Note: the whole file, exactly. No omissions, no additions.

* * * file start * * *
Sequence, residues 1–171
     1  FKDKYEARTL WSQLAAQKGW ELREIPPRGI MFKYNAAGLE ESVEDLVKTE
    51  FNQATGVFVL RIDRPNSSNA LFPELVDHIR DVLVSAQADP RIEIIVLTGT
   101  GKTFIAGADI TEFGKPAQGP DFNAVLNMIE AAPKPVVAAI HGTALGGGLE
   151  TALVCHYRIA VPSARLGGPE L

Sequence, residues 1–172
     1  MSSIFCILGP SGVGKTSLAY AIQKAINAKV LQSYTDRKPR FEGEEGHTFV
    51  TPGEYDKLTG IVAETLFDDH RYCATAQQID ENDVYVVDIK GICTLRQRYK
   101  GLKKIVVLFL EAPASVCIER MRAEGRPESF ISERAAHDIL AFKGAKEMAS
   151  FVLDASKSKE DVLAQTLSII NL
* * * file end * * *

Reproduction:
Sequence, residues 1–171
     1  FKDKYEARTL WSQLAAQKGW ELREIPPRGI MFKYNAAGLE ESVEDLVKTE
    51  FNQATGVFVL RIDRPNSSNA LFPELVDHIR DVLVSAQADP RIEIIVLTGT
   101  GKTFIAGADI TEFGKPAQGP DFNAVLNMIE AAPKPVVAAI HGTALGGGLE
   151  TALVCHYRIA VPSARLGGPE L

Sequence, residues 1–172
     1  MSSIFCILGP SGVGKTSLAY AIQKAINAKV LQSYTDRKPR FEGEEGHTFV
    51  TPGEYDKLTG IVAETLFDDH RYCATAQQID ENDVYVVDIK GICTLRQRYK
   101  GLKKIVVLFL EAPASVCIER MRAEGRPESF ISERAAHDIL AFKGAKEMAS
   151  FVLDASKSKE DVLAQTLSII NL